fiverr translate wordpress content
Fiverr translate


Gengo provides fast, affordable and quality translations by a community of 20,000+ native speakers located worldwide. Their prices start at just $0.05/word and 95% of orders are completed within hours.

gengo wordpress translation
Gengo translation

One Hour Translation

One Hour Translation offers professional translation services for 75 languages on a 24/7 basis. They have a network of over 15000+ certified human translators. General translation prices start at just $0.079/word.

one hour translation
One hour translation


TextMaster provides fast and affordable translation and copywriting services by native-speaking translators. They have an average turnaround time of 12 hours and general translation prices start at just $0.066/word.

textmaster translation services
TextMaster translation services

Some others you might want to check out include ICanLocalize, cloudwords, translations.com, e2f, and Lingotek.

Option 1 – Free WordPress Multilingual with Polylang

If you are looking for a simple and free way to set up multiple languages on your WordPress site than the Polylang plugin works great! Polylang allows you to create a bilingual or multilingual WordPress site. You write posts, pages and create categories and post tags as usual, and then define the language for each of them. The translation of a post, whether it is in the default language or not, is optional. This also works great for single WordPress installs where you want to keep things simple.

WordPress multilingual Polylang plugin
WordPress multilingual Polylang plugin

The plugin has 400,000+ active installs with a 4.5 out of 5-star rating, and is actively kept to date by the developer. You can download Polylang from the WordPress repository or by searching for it within your WordPress dashboard under “Add New” plugins. Here is a list of what the plugin does:

  • Supports an unlimited number of languages
  • You can translate almost everything, from posts, pages, categories, menu, widgets, etc.
  • It supports custom post types and taxonomies
  • The language is either set by the content or by the language code in URL, or you can use one different subdomain or domain per language
  • Categories, post tags as well as some other metas are automatically copied when adding a new post or page translation
  • A customizable language switcher is provided as a widget or in the navigation menu
  • The admin interface is multilingual and each user can set the WordPress admin language in their profile

Polylang does follow the best practices as recommended by Google and uses hreflang tags and changes the <html> tag language attribute automatically for you. There is also a premium version of the Polylang plugin, and it allows you to also do the following:

  • Share the same URL slug across languages for posts and terms.
  • Translate custom post types and taxonomies slugs in URLs.

Follow the steps below on how to configure the free Polylang plugin on your WordPress site. In our example, we are setting up a site with both English and Spanish translations.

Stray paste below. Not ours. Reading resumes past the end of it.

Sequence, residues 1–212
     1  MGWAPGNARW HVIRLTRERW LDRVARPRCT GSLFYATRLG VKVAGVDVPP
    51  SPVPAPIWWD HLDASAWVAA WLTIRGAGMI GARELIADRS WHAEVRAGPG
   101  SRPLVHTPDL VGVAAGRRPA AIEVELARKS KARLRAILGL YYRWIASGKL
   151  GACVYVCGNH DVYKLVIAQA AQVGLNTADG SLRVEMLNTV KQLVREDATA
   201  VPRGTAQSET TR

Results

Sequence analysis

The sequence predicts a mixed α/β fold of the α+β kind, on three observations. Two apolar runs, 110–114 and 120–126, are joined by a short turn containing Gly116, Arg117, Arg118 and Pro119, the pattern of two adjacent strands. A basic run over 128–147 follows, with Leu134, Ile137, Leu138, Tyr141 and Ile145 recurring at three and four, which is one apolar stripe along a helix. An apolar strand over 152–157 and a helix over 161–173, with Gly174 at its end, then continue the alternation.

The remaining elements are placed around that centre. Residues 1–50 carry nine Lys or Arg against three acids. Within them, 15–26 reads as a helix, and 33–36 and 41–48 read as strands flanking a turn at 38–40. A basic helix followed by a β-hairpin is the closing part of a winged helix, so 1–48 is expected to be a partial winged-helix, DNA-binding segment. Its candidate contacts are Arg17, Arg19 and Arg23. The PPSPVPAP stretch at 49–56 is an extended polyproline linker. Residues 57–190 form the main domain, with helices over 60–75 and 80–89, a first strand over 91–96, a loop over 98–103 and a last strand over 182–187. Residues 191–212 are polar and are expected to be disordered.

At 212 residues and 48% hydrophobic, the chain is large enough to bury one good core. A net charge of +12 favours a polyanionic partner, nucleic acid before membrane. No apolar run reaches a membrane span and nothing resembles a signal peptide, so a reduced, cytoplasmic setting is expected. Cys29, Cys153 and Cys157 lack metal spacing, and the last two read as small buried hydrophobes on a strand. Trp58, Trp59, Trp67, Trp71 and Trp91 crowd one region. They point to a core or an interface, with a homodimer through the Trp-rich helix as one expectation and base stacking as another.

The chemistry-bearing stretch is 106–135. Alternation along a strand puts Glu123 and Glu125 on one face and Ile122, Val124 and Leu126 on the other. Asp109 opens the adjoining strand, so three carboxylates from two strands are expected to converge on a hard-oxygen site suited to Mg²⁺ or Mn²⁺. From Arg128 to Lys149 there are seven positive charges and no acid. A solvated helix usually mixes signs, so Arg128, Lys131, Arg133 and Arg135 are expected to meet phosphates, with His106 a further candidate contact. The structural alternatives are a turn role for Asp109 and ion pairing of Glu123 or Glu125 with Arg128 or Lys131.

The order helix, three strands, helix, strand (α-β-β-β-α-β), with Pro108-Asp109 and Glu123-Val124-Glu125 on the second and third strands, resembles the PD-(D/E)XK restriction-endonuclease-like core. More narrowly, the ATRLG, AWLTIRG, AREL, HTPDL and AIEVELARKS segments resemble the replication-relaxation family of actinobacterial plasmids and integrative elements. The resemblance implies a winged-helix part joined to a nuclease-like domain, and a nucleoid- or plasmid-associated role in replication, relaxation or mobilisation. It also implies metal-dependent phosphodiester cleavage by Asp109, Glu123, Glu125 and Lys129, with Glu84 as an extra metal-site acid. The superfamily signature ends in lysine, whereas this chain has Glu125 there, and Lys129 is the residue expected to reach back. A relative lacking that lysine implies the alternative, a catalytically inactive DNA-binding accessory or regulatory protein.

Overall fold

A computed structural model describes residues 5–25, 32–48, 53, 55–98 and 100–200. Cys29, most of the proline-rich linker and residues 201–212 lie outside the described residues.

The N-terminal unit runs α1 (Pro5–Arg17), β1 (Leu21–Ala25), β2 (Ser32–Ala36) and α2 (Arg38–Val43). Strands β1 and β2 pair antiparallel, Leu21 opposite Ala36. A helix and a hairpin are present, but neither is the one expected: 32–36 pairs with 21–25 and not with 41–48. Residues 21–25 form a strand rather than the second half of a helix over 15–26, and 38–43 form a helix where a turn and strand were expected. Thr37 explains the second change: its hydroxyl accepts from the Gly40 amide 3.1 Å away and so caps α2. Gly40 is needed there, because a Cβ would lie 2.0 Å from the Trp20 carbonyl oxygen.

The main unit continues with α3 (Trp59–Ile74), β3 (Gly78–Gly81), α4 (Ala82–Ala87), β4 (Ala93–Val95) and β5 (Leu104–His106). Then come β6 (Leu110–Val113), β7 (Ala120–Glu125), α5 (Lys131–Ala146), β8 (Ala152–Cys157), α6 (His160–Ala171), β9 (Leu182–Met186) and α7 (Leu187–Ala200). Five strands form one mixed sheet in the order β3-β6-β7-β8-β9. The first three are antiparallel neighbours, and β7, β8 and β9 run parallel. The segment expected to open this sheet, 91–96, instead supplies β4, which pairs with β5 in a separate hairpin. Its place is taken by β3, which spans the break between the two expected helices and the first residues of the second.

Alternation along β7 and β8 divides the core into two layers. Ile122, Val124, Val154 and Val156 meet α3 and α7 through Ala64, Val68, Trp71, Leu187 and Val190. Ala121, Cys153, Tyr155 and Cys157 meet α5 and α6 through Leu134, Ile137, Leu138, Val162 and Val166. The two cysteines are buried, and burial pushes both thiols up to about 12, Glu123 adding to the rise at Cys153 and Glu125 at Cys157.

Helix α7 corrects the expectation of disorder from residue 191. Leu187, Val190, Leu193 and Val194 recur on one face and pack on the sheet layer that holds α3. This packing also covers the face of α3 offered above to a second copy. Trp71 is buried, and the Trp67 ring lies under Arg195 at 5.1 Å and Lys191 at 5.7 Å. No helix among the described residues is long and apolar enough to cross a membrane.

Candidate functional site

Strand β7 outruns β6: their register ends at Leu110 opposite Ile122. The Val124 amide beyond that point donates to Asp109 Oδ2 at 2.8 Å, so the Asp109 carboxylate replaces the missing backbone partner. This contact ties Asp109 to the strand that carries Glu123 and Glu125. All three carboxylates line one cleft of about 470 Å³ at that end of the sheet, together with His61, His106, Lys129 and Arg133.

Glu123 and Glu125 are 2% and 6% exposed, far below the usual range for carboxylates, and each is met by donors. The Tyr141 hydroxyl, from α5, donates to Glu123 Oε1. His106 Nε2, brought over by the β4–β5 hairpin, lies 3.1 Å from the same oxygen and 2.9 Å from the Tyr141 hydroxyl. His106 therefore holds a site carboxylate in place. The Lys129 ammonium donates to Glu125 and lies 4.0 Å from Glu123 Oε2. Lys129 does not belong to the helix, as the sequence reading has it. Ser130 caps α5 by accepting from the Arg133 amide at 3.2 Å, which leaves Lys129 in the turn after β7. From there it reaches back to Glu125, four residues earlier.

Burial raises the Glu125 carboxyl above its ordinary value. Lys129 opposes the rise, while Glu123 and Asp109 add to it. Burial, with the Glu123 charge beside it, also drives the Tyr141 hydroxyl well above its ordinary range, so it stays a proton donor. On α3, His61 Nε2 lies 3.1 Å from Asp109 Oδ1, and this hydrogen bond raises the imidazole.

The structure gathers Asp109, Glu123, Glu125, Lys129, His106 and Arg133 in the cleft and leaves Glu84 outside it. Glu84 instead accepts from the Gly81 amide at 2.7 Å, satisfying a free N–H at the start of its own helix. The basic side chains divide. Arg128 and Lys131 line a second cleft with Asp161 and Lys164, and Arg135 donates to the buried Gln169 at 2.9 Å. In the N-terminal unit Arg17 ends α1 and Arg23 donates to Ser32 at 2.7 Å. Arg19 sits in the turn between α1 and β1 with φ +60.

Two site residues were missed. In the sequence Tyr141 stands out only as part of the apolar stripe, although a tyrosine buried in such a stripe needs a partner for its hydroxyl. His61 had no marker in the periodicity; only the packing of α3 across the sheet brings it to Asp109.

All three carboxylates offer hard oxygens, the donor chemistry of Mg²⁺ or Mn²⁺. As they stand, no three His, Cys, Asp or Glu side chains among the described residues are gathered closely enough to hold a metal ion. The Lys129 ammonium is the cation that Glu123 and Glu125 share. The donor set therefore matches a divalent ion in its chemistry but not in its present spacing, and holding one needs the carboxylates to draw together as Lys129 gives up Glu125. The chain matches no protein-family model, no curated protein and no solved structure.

Step 1

After installing and activating the plugin you need to first add the languages. So click into “Languages” under settings in your WordPress dashboard and first add English – en_US. The defaults are fine. Click on “Add new language.”

add english language
Add English language

Step 2

You will see a message at the top about posts, pages, and categories not having a language. Click on “You can set them all to the default language” link and it will default everything to English, which is the language you just added.

set default language
Set default language

Step 3

Next, you need to add whatever additional language you want to use. We are adding Spanish, so we choose Espanol – es_ES. Then change the order to one above the previous one, which in this case is 1 since English was set to 0. Click on “Add new language.”

add spanish language
Add Spanish language

Step 4

Next click into the “Settings” tab of PolyLang and under the URL modifications section you will want to enable the option to “Hide URL language information for default language.” This strips out /en/ from your English language slugs so that you have the following setup:

English Version: https://kinsta.com/about-us/
Spanish Version: https://kinsta.com/es/sobre-nosotros/
hide language url for default language
Hide language URL for the default language

Step 5

Next, it is time to add a Spanish translation. By default, each language will have a new column (flag) that appears now in the “All Posts” section in your WordPress dashboard. Click on the + symbol to add a Spanish version. (You can also do this from within each post itself)

add spanish translation
Add Spanish translation

Step 6

You can then your post and translate the slug (URL) if you want. For SEO purposes, it is better to use a slug that is in the native language. And Yoast SEO is fully compatible with PolyLang, so also make sure your title tag and meta description are also translated. Then click on “Publish.”

spanish post url
Spanish post URL

And that’s about it! You now have separate posts in your WordPress dashboard, each accessible at their own native language URL. PolyLang automatically adds the appropriate hreflang tags so you don’t have to worry about any of that.

separate language posts
Separate language posts